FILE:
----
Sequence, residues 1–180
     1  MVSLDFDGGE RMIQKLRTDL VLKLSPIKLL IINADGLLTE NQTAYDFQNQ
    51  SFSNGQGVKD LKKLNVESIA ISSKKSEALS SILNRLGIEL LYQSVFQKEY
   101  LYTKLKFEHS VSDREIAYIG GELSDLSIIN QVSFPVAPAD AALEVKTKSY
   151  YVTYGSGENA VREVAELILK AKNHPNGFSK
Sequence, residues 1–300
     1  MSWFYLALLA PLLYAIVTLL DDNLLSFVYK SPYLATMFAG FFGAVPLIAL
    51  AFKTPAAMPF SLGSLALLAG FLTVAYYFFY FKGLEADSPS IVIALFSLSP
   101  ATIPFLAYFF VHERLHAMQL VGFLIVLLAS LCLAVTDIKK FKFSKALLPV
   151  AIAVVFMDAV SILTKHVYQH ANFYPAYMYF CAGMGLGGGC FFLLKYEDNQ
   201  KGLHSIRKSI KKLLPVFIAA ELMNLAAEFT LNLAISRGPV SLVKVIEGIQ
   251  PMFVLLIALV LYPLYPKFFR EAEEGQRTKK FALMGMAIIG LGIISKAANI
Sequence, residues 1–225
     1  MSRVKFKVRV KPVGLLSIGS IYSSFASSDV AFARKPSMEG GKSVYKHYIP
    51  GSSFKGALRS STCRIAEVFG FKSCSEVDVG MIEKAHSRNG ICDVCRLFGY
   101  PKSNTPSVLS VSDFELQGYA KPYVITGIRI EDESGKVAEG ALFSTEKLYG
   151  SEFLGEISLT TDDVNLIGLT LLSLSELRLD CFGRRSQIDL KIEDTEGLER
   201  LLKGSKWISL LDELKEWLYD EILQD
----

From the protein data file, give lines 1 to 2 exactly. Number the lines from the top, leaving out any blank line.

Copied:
Sequence, residues 1–180
     1  MVSLDFDGGE RMIQKLRTDL VLKLSPIKLL IINADGLLTE NQTAYDFQNQ